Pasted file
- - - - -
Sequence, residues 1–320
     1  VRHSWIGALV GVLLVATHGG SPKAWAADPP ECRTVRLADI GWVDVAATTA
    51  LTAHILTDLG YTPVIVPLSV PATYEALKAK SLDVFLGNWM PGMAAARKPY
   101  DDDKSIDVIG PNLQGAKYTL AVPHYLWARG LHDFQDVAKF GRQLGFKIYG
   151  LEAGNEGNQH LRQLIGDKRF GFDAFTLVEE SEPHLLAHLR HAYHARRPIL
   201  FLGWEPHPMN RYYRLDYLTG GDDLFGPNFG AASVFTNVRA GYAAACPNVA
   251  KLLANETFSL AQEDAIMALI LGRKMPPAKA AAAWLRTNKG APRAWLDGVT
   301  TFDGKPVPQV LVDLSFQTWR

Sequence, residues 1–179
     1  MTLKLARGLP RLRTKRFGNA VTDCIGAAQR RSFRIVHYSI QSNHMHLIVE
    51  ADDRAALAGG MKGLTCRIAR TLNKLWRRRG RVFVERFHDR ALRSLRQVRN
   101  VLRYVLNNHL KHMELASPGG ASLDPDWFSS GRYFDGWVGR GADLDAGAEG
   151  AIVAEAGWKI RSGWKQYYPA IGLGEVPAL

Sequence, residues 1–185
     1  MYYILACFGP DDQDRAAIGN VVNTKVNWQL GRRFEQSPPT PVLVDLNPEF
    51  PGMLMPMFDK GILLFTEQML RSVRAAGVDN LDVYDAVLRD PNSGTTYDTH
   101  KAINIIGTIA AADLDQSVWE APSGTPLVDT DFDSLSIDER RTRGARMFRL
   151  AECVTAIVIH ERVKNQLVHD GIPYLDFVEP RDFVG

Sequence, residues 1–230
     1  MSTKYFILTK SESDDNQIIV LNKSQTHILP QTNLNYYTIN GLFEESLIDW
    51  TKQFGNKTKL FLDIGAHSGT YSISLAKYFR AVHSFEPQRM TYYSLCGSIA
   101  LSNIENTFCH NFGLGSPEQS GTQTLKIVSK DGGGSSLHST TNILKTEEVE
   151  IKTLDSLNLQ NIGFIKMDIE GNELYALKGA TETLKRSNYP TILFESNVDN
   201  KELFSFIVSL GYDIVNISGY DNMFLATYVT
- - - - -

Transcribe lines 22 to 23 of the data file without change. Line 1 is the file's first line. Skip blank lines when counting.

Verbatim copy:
   101  LSNIENTFCH NFGLGSPEQS GTQTLKIVSK DGGGSSLHST TNILKTEEVE
   151  IKTLDSLNLQ NIGFIKMDIE GNELYALKGA TETLKRSNYP TILFESNVDN